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Top 5 Perennials for the South


1
Tickseed
A coreopsis tinctoria captures morning light in a beatiful late summer meadow.
A coreopsis tinctoria captures morning light in a beatiful late summer meadow.
iStockphoto.com/WinterWitch

­Our last entry in the top five list of perennials for the South is the tickseed, which is also referred to as Coreopsis grandiflora or "Early Sunrise" coreopsis.

Tickseed is a perennial that flowers almost like an annual, which is why people are attracted to it. In addition to staying in bloom longer than traditional perennials, the flowers are bright yellow and numerous on the plant. Bees and other pol­linating insects are attracted to the tickseed's bright color. Tickseed is best suited to the South's heat and does not do well in cold winter regions. It also fares well in the South during periods of drought because it can handle growing in dry soil. Of course, that doesn't mean it can go completely without water. You do need to water it occasionally [source: Paghat's Garden].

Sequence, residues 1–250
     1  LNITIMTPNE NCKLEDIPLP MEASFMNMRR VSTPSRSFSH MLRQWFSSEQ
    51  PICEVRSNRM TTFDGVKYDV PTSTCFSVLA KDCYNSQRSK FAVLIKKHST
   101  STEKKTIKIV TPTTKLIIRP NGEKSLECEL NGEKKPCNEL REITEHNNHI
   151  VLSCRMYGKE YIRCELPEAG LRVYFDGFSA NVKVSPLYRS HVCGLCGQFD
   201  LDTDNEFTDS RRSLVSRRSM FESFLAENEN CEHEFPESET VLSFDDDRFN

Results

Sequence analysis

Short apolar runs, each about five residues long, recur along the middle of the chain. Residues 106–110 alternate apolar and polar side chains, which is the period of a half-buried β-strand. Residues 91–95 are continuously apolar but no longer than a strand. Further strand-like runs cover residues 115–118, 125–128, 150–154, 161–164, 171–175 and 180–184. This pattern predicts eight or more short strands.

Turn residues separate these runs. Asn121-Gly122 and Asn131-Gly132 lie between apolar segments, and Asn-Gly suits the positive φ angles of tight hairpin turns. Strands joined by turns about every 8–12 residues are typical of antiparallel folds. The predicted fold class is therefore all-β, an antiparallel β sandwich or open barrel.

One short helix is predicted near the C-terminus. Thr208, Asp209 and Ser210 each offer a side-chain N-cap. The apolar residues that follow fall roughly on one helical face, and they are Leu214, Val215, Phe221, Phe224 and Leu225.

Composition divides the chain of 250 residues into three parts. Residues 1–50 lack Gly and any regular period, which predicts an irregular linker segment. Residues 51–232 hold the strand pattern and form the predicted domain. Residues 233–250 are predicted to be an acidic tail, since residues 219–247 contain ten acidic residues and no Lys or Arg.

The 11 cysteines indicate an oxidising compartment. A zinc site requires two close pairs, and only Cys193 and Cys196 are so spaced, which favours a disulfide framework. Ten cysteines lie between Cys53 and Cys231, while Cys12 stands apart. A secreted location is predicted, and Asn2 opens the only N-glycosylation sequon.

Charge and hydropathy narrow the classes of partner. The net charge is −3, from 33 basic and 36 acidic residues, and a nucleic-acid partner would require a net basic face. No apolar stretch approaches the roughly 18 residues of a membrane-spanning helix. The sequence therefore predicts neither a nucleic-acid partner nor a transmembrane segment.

A problem you might encounter with tickseed is that it may grow so tall and, as a result, get too top heavy since the stems are thin and the flowers are large. If this happens, you can use stakes to hold up the flowers and prevent them from flopping to the ground.